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"EZ-Cook" adaptor (fits directly on top of the lantern), and the "BriteLyt Multi-Fuel Stove", for the individual soldier and whole companies to use on the field. These three items give optimum performance, for the benefit of heat, light, and a way to prepare food with the use of any of any liquid fuel available.

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Prices are here:

http://store.britelyt.com/servlet/-strse-500CP&150CP-Specials--fdsh--Best-Buy/Categories


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I want to put this on our list-of-survival-things-to-buy (maybe with the next stimulus check HAHA), but I want to know more first.
 

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To be honest, I never knew there was a difference between the Britelyt and the PetroMax. I've always called what I have a "PetroMax" but I bought if from the BriteLyt people almost 10 years ago....soooo, I must have a BriteLyt.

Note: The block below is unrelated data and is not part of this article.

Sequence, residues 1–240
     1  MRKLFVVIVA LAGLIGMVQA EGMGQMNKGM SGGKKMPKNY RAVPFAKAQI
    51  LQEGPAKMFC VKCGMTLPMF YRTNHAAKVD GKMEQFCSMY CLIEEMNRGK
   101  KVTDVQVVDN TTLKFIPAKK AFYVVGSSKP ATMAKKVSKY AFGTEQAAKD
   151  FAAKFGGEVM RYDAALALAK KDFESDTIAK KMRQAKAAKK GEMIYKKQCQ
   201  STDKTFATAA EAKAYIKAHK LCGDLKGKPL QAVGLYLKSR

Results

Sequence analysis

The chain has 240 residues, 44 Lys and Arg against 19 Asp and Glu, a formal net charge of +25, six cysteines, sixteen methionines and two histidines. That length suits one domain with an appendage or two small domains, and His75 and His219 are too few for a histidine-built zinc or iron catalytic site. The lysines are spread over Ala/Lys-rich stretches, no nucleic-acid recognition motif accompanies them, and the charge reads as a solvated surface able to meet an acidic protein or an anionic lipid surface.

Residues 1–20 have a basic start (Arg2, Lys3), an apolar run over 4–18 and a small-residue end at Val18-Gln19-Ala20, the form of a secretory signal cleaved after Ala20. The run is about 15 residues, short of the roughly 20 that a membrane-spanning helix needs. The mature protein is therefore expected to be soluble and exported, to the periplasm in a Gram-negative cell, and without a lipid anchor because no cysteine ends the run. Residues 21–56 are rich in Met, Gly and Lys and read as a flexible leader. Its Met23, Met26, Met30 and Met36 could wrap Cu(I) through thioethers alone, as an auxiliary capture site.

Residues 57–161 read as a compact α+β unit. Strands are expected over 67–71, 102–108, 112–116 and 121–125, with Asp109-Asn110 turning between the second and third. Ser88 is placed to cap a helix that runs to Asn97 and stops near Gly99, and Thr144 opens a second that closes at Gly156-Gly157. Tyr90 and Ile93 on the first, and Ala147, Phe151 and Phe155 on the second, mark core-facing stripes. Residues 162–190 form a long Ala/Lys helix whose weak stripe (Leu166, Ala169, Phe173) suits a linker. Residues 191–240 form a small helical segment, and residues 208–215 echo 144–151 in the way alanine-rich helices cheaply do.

I like this lantern when I want to light up a large area. We use it in our guest cabin which is 16' x 24' feet. The entire cabin is daylight bright with the lantern. You can read, play cards, or whatever from any corner in the cabin when the lantern is on. I've used kerosene, Coleman fuel, gasoline and diesel in my BriteLyt. I prefer Coleman fuel or a blend of Coleman and kerosene.

The lantern is somewhat difficult to pressurized using the thumb pump. I replaced the thumb pump with a schrader valve and pressurize the lantern with a bicycle pump. It takes only 2 or 3 strokes to do the trick.

There is no comparison between this lantern and a Coleman lantern. The BriteLyt puts out much more light. Like any pressurized lantern, this one puts out a hiss which can be annoying after a while, and it does but out some heat....which is welcome during cold weather.

That's our lantern (below) hanging from the ceiling.